21 Feb After-school Program Boosts Children’s Mental Health
It’s tough to say what the long-term impacts of the COVID-19 pandemic will be. We have a series of measurable items that we will be able to quantify in the coming months and years – the economy being one – but what about Mental Health?
As adults, we make no secret of how we’re feeling – Zoom fatigue, mask wearing, not being able to see family and friends – but what about our kids? Our kids are programmed from birth to trust and do what their adults tell them to. And the pandemic has been no different.
In March, they homeschooled.
In June, schools reopened and many kids went back to school.
In July, things returned to “normal” and they enjoyed the warm summer months.
In September, it was back to school full steam, but teachers were wearing masks, and they are greeted at their class door every morning with a bottle of soap.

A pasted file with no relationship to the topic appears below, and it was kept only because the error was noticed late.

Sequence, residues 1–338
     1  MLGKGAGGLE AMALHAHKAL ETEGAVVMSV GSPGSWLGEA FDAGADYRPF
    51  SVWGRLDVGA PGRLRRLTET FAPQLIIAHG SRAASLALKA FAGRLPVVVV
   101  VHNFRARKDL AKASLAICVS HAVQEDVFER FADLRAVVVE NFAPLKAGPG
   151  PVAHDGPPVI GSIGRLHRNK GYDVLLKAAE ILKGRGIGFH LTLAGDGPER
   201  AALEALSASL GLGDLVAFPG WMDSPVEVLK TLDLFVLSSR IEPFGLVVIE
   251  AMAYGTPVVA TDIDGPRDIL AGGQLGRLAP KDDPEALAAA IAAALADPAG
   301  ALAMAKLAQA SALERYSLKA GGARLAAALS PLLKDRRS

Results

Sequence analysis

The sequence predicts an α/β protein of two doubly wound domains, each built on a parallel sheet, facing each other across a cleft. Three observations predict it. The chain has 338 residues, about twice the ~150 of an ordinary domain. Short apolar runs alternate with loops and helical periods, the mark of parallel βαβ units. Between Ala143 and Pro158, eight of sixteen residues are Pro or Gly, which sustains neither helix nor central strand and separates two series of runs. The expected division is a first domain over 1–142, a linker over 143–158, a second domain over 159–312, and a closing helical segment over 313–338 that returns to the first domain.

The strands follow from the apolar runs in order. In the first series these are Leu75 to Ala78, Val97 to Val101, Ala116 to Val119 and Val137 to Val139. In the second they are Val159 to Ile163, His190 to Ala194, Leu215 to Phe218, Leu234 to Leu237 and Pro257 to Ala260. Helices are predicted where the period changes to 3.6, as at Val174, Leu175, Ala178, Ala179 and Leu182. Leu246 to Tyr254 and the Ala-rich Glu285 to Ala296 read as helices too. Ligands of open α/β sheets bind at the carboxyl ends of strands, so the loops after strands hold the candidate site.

And then in November, they were told no grandparents at Christmas, no playdates, sports are all practices and another lock down was imminent.
And the whole while, our children have been trusting and diligent. But what about their childhood are they missing as we near almost one-year of pandemic precautions?
The Salvation Army in Spryfield, Nova Scotia has recognized some ways to try and make life more normal for kids who attend their after-school daycare. And the largest take-away?
“The program does a world of good to help a child’s mental health. It creates a sense of belonging and consistency that many of them have lost over this past year.”
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